The above diagram is taken from a paper by Jeff Volek and co-authors, Low-Carbohydrate Diets Promote a More Favorable Body Composition Than Low-Fat Diets (pdf). It shows that the breakdown of fat, or lipolysis, is exquisitely sensitive to levels of the hormone insulin. “Small reductions in insulin within the physiological range are associated with a large increase in lipolysis.” You can see that as insulin levels drop into the low normal range, lipolysis increases exponentially, and still more so as levels get below normal.
So, what does this all mean exactly? Insulin is an anabolic hormone, that is, it tells the body to store energy and to grow. However, what it mostly does is tell the body to store fat. The main stimulus for insulin production is dietary carbohydrate. (Protein also stimulates insulin, but to a much lesser extent.) So whenever carbs are eaten, insulin rises and fat loss becomes next to impossible. Eat fewer carbs, and fat loss goes right up. “Small to moderate decreases in insulin can increase lipolysis several-fold, the response being virtually immediate.” The converse situation also holds true: increase insulin and fat storage goes up.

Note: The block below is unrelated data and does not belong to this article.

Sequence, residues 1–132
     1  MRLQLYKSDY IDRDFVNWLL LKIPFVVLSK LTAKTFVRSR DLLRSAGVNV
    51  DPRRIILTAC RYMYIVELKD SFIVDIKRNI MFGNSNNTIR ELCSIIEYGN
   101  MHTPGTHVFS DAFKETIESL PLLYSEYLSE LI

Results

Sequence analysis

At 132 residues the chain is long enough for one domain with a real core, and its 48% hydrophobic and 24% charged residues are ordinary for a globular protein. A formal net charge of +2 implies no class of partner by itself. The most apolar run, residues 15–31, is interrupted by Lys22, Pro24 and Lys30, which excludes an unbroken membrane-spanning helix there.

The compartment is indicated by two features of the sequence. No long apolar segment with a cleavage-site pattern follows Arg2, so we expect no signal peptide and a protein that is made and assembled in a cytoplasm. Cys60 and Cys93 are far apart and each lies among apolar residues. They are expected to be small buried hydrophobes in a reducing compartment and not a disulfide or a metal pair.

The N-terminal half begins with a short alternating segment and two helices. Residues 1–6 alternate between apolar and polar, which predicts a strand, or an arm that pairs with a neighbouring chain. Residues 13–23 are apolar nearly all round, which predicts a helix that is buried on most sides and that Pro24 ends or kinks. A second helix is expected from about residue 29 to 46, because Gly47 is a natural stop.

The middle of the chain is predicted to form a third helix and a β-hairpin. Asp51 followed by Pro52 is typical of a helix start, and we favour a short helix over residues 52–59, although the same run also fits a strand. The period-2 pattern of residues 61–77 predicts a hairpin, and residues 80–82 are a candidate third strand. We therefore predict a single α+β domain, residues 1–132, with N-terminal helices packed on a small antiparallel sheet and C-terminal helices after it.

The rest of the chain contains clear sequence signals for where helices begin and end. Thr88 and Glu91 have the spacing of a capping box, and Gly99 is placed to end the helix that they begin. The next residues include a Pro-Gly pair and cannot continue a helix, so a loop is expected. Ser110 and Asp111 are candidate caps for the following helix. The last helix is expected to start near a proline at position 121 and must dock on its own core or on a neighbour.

There you have it: how to lose fat. Decrease the carbohydrate content of your diet sufficiently to lower insulin levels, and the body starts breaking down its fat stores.
There are a few other wrinkles. for one, if you do a sustained low-carb diet, be sure to eat enough protein and perform regular resistance exercise in order to minimize the loss of lean tissue, mainly muscle mass. In studies where participants have done this, the weight loss has been almost entirely fat with very little muscle loss; in low-fat diets, by contrast, sometimes as much as half the weight lost is lean mass.